If you’ve traded regular sodas for diet ones, beware. Both drinks can lead to an early death, according to a new report.
Researchers from health institutions across Germany, Spain, France and other European countries recently conducted a study, published in JAMA Internal Medicine, to explore the relationship between soft drinks, both sugar-sweetened and artificially-sweetened, and higher risk of mortality.
To do so, they examined 51,743 men and women, with an average age of 50, from 10 countries in Europe. The subjects were a part of the European Prospective Investigation into Cancer and Nutrition, an assessment that evaluates the link between diet and cancer.
After analyzing the results, the scientists found those who drank two or more glasses of regular or diet soda a day had a higher risk of mortality, compared to those who only drank one glass a month.
Those who drank two or more cans of diet sodas a day were more likely to die from circulatory diseases, while those who had one or more cans of regular sodas a day were more likely to die from digestive diseases.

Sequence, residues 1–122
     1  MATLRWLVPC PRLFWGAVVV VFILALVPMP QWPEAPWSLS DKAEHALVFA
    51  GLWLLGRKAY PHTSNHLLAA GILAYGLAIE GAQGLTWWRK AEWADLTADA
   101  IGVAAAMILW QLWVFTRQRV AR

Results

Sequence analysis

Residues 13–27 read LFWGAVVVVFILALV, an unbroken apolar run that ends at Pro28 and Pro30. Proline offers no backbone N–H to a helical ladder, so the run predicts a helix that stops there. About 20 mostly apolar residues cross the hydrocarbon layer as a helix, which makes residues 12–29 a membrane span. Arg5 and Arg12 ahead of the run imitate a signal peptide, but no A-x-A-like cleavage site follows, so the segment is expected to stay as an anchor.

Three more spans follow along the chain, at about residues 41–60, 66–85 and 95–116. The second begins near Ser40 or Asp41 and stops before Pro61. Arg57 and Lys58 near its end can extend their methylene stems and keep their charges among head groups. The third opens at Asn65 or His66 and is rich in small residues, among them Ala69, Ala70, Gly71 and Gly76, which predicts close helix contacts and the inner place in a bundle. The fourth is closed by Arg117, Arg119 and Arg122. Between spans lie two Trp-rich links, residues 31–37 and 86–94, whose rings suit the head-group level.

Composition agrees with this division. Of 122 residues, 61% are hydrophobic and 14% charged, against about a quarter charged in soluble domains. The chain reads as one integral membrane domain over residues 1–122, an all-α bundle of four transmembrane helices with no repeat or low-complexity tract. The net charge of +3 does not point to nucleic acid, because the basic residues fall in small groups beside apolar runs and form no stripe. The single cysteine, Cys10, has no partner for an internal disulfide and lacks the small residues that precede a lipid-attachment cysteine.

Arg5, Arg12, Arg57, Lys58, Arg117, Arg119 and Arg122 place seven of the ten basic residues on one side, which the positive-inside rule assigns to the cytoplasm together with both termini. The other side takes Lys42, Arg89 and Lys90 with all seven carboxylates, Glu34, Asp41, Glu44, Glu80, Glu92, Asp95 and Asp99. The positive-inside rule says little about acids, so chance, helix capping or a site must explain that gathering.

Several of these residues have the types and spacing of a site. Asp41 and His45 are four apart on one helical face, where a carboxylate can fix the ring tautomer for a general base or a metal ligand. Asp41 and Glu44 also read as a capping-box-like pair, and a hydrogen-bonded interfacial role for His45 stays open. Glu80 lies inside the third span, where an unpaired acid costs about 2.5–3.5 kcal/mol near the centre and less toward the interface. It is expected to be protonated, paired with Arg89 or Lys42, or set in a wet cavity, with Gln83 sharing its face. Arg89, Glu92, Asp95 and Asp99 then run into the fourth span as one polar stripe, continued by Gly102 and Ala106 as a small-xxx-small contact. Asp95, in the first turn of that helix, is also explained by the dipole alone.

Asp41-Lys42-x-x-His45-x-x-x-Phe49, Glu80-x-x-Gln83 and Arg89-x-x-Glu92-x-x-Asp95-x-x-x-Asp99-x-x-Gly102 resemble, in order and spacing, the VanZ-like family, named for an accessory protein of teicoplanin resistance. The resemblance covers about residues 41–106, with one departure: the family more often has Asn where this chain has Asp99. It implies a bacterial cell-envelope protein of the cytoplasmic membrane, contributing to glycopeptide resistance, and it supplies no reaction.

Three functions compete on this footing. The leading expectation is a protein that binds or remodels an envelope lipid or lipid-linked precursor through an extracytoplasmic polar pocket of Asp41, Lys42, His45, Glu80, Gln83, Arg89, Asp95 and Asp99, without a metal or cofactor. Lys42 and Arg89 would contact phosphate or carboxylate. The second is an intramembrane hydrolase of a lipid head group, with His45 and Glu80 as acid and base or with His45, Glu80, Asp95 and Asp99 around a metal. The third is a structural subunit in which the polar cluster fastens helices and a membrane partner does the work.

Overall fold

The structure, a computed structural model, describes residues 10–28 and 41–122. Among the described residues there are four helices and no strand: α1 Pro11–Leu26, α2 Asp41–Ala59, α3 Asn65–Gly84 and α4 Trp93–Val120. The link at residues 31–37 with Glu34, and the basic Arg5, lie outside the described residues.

“This study found that consumption of total, sugar-sweetened, and artificially sweetened soft drinks was positively associated with all-cause deaths in this large European cohort,” the authors said in the study. “The results are supportive of public health campaigns aimed at limiting the consumption of soft drinks.”
This isn’t the first time sugary drinks have been associated with early death.
In 2019, researchers from the Harvard T.H. Chan School of Public Health found sugar-sweetened beverages increased the risk of premature death from heart disease or cancer.
And another study from a team at St. Michael's Hospital and Toronto University in Canada suggested sodas can increase your risk of diabetes more than other sugary foods.
Want to learn more about the latest findings? Take a look here.
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